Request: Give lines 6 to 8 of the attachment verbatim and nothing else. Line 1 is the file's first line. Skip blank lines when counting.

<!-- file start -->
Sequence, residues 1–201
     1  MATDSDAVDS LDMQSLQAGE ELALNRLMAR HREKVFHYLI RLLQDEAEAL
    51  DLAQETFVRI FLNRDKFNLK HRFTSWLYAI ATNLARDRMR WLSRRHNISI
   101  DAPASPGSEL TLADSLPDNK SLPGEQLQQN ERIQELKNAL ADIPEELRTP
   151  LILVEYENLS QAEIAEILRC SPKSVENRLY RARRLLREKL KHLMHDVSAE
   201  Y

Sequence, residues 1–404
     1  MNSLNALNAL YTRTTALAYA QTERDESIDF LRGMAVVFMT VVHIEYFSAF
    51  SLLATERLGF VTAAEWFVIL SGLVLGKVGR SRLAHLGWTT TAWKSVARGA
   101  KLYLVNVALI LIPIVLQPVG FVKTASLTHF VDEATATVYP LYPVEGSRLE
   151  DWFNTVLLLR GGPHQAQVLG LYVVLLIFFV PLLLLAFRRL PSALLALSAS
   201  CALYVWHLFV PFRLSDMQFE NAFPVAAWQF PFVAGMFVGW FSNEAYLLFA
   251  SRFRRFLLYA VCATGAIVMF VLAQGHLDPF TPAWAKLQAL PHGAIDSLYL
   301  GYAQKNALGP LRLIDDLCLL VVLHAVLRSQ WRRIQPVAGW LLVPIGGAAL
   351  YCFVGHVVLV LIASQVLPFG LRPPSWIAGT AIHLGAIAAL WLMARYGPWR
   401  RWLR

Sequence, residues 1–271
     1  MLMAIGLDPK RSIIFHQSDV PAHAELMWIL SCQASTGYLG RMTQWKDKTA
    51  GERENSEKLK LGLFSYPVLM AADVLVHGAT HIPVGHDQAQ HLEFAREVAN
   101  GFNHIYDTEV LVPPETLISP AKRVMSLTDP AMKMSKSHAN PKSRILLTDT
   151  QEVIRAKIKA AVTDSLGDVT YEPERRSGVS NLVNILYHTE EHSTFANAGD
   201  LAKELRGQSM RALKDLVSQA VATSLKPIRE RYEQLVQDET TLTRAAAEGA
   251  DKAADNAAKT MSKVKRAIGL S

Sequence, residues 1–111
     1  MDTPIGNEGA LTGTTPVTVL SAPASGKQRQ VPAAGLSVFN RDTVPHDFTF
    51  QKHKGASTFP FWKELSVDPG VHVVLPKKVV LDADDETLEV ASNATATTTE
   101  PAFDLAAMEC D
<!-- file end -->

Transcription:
   201  Y

Sequence, residues 1–404
     1  MNSLNALNAL YTRTTALAYA QTERDESIDF LRGMAVVFMT VVHIEYFSAF